The job of an air traffic controller ranks as a high-stress job owing to the mental stress of being responsible for the safety of the airlines and passengers. Even a minor error can cause a plane crash. During peak hours, air traffic controllers need to handle many planes at once, setting priorities and giving permission to pilots rapidly and efficiently. This requires utmost concentration with even a minor distraction causing high risks. The job also requires shift work. Since controllers cannot leave their posts vacant, they may also need to work overtime if their reliever fails to turn up.
The risk of air traffic controllers monitoring radars mounts even higher as they work in semi-darkness trying to detect a small “blip” on the radarscope.
Real Estate Agent
A real estate agent works independently. The benefits in terms of flexible work hours and the ability to set one’s own pace notwithstanding, the job of a real estate agent finds inclusion in the 10 most stressful jobs. The causes for high stress levels come from:
- The need to tailor work hours based on client conveniences, which usually entails erratic work hours and split shifts.
- The need to remain patient and composed even under provocation
- The imperative need to strike a rapport with the clients for the business to progress
- The highly competitive nature of the field, where painstaking hard work can yield no rewards if the property owner decides to conclude the deal with someone else
- Tight deadlines
Taxi drivers rank high on the list of most dangerous jobs and most stressful jobs. Although they can work independently to set their own pace and time, the job remains high stress owing to many factors such as:
- Driving for a long period through densely populated areas, seated in the same position
- The risk of robbery and physical assault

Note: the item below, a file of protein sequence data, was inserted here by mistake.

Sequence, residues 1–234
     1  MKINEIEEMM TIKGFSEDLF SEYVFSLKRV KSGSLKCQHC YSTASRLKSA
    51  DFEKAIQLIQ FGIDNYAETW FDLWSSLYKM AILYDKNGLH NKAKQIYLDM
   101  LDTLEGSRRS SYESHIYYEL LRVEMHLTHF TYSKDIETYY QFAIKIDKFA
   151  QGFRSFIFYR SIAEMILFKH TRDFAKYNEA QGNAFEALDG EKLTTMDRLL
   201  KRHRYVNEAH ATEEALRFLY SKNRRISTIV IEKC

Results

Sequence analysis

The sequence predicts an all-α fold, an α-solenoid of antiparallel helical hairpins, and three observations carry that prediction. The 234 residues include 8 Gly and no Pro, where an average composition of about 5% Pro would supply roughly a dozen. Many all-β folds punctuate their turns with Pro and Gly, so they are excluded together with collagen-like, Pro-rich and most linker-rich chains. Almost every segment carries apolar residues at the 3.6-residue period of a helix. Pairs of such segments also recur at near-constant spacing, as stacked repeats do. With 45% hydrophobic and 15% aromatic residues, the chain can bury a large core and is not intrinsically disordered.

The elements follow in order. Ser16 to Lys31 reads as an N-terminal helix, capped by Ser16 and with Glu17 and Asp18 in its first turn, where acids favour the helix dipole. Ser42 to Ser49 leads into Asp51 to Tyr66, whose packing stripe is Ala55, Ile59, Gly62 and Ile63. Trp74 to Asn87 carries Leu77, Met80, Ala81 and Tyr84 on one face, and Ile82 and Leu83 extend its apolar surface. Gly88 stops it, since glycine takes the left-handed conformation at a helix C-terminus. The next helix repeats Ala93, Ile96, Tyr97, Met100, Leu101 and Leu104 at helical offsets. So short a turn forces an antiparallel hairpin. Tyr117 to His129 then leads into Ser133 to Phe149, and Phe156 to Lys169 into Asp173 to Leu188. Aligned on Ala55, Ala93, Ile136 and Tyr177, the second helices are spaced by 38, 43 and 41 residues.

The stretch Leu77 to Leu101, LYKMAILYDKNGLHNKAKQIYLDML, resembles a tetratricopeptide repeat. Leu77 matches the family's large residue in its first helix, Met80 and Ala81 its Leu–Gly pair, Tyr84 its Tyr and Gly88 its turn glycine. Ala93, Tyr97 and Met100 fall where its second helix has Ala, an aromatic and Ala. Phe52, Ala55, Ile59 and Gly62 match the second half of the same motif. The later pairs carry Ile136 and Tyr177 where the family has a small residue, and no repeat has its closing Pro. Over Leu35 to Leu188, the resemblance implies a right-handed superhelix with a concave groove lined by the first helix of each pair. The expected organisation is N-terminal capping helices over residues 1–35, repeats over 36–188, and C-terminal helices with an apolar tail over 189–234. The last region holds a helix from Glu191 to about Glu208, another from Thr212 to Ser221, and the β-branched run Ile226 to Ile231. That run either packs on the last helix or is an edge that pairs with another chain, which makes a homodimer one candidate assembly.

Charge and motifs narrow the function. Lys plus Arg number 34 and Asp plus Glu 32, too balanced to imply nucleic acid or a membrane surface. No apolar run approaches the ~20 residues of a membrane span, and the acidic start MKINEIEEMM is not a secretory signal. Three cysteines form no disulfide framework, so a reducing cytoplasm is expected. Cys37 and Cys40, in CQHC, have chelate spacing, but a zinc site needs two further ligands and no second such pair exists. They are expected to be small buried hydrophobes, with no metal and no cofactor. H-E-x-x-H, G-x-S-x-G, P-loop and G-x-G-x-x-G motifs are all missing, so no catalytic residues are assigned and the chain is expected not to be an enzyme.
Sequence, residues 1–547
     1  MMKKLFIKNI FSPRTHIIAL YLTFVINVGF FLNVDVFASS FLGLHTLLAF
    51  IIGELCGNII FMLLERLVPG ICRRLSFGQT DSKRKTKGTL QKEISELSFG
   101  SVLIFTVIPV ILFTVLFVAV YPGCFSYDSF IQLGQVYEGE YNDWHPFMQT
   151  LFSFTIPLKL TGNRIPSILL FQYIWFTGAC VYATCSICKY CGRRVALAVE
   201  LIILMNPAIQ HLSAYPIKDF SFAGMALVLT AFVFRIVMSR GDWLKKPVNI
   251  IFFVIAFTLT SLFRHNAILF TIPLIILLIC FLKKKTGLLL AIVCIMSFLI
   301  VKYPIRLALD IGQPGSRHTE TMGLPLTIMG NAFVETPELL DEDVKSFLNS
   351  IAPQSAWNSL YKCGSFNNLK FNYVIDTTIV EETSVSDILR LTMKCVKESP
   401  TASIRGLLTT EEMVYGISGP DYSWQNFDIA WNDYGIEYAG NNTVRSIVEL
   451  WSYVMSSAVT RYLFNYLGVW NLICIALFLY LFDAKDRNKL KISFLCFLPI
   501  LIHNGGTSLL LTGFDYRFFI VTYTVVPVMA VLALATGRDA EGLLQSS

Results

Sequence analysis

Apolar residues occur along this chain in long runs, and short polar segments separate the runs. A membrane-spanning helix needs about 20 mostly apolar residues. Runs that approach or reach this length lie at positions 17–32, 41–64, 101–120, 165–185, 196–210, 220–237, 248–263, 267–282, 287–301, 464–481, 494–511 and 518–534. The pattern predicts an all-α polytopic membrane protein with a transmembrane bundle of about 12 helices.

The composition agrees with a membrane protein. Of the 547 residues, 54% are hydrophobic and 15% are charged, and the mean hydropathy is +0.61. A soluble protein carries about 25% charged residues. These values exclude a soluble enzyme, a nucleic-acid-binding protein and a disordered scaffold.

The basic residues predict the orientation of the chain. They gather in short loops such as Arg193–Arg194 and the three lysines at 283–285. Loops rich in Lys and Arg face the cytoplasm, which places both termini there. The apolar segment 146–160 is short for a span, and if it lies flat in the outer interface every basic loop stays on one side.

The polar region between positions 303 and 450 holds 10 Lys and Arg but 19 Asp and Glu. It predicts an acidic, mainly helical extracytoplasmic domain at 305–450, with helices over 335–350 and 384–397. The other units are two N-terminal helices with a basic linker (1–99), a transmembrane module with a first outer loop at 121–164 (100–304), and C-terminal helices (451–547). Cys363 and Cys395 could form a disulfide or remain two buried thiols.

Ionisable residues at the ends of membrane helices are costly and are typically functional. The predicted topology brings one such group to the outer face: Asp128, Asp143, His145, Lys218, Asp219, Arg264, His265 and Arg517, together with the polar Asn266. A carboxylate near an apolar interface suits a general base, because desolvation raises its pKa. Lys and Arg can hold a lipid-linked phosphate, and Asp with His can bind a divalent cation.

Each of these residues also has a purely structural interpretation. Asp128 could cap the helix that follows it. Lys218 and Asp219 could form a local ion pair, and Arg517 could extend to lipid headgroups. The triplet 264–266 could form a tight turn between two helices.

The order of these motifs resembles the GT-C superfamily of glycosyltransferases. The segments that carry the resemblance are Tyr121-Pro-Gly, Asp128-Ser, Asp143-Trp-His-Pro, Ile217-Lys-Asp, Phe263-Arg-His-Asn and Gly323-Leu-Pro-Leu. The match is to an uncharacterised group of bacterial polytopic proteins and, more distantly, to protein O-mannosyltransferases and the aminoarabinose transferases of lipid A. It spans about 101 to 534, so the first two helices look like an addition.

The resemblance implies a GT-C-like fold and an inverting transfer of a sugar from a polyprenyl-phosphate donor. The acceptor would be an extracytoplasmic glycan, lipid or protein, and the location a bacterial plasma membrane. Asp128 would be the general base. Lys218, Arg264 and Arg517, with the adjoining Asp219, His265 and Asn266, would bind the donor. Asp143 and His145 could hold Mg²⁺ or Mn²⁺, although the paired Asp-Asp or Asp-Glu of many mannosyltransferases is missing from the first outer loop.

- Varied work hours, with peak work time on weekends and holidays
- The need to handle customers of varied types and personalities
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The job of a miner ranks among the top most stressful blue collar jobs.
Mining jobs require working for extended periods in adverse working conditions such as darkness, dampness, heat, noise, and dirt. At times, several inches of water may cover tunnel floors. The stress in mining jobs compounds with the dangerous working conditions the need to apply physical strength and stamina on a constant basis. The threat of accidents such as cave-ins, fire, exposure to harmful gases, and other dangers remain commonplace.
Isolated mining works in oil and gas extraction and underground mines have shifts extending to several days in a row, followed by several days off. The remote location requires some workers to live onsite.
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Waiters or food and beverage service workers encounter high-stress levels, especially during peak business hours, to serve multiple clients in a timely manner and without errors. This requires intense concentration and the ability to work under distractions. They remain on their feet during most of their shift hours and need to carry heavy trays of food, dishes, and glassware without spilling, tripping, or bumping into someone else. The threat of injuries from slips, cuts, and burns add to the stress.
Waiters work long and varied hours, and invariably on evenings and holidays. The job places high demand on the workers, but ranks at the bottom when it comes to working conditions, pay, or job security.